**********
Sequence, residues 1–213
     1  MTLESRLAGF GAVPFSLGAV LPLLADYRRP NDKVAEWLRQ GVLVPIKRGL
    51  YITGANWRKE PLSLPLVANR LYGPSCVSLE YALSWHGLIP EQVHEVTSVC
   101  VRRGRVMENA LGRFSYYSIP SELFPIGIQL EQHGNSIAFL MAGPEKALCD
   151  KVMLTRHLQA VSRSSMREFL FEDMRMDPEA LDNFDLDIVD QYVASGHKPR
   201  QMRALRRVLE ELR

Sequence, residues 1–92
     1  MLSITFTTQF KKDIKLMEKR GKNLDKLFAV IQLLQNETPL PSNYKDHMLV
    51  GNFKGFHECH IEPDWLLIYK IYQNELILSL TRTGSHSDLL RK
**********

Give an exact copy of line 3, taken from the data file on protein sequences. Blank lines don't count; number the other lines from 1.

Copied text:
    51  YITGANWRKE PLSLPLVANR LYGPSCVSLE YALSWHGLIP EQVHEVTSVC